Origin: Eastern North America (native in Ontario)
Eastern hemlock is a large conifer. The tip of the tree (called the leader) is typically curved over.Read more about Tree, Bark, Twigs
Leaves are short flattened needles, mostly arranged in 2 rows on either side of the twigs.Read more about Leaves
Pollen cones are tiny and yellowish.Read more about Pollen cones
Seed cones are small and woody when mature.Read more about Seed cones
Eastern hemlock is a large conifer, up to 30 m (98') tall and 100 cm (3' 3") in diameter, with a conical crown.
Leaves are short, dark green, flattened needles, 1 - 2 cm (1/2" - 3/4") long, most appearing to be borne in 2 rows on either side of the twig and some, with underside facing up, on the top of the twig.
The underside of the needle has a dense row of white dots on either side of the mid-rib, which look like stripes.
New needles emerging at the tips of branches in the spring are a lighter green than needles from the previous growing season.
Seed cones open in September and shed their seeds in fall and winter. They may remain on the tree for a year after shedding seeds.
DistributionEastern hemlock's natural range extends east west from Nova Scotia to Minnesota and Missouri, and south to Georgia and Alabama. Of the eight species of hemlock (Tsuga spp) in the world, eastern hemlock is the only one native to eastern Canada.
Eastern hemlock is the state tree of Pennsylvania.
Examinations of pre-historic pollen records indicate that there was a massive decline in the abundance of eastern hemlock about 5,000 years ago. The reason for this decline has not yet been determined, although one theory suggests that it was caused by a large-scale pest outbreak.
The dense foliage in a stand of hemlocks creates an environment that is cooler, moister and darker than the surrounding forest. As the evergreen needles fall the soil becomes more acidic. Under these conditions few if any species can compete so the hemlock regenerates and grows as pure stands which can live for 600 years or, in some cases, as much as 1,000 years.
During the 19th century, eastern hemlocks were prized for their tannin-rich bark, which was harvested for use in the leather tanning industry. The bark had so much more value than the wood that trees were simply cut down, stripped of their bark, and left to rot on the forest floor in the same way that fins are cut from sharks or horns from rhinoseroses.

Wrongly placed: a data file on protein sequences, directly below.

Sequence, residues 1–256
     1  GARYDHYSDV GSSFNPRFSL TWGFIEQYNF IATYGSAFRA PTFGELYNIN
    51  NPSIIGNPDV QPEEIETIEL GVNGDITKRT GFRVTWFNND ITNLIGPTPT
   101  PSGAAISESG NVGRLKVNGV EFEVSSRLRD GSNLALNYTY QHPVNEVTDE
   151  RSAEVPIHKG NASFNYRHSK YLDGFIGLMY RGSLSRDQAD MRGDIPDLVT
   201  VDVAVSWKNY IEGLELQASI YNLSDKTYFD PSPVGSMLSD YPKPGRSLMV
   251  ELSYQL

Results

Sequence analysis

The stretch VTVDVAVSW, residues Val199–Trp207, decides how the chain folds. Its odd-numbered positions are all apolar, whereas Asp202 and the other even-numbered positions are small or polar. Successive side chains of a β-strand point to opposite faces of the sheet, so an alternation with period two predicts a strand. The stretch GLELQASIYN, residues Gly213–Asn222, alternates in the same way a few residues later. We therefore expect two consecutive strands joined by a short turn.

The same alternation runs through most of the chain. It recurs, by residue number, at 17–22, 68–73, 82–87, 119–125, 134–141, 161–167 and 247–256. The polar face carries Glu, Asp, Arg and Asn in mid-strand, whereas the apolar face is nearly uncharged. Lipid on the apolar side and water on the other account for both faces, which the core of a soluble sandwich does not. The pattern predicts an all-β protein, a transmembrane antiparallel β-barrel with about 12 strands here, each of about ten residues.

The wood of eastern hemlock is brittle and easily split. It is used in some construction, but the hard knots can dull saw blades and deflect nails.
In winter, eastern hemlock stands provide shelter for deer by trapping snow in the canopy and creating open ground below. These spaces are referred to as deer yards. The low-hanging branches are browsed by the deer. The oil-rich seeds also provide food for wildlife including porcupines, wild turkeys, ruffed grouse and many types of songbirds.
Eastern hemlock's place in Toronto's urban forest
Eastern hemlock stands still dominate the north facing slopes of Torontos ravines and river valleys.
Landscape value and potential for home planting
Eastern hemlock should be planted in sheltered, cool sites with moist, well-drained, acidic soils which mimic its natural habitat. It tolerates shade but is highly intolerant of drought, salt and pollution. Trees suffering from drought stress have scorched leaves and dying branches. Extended dry periods may kill entire trees.
Numerous cultivated varieties of eastern hemlock have been bred for a range of forms, growth habits, and leaf colours.
Pests and diseases: There are numerous pests and diseases affecting eastern hemlock, predominantly gypsy moth (Lymantria dispar) and spruce budworm (Choristoneura fumiferana). (For more information, see: Natural Resources Canada factsheet). Woolly adelgid (Adelges tsugae) is an insect pest that was accidentally introduced to North America, in Virginia, in 1951. Woolly adelgid infestations have severely impacted eastern hemlock populations in the United States. Since its introduction there woolly adelgid has gradually expanded its range and may become a problem in the Great Lakes region very soon. Woolly adelgid infestations appear as wooly masses on the twigs or needles and result in loss of tree vigour, defoliation, and death.
This tree is available for planting through LEAF's backyard tree program.
Links to maps at Canadian Tree Tours: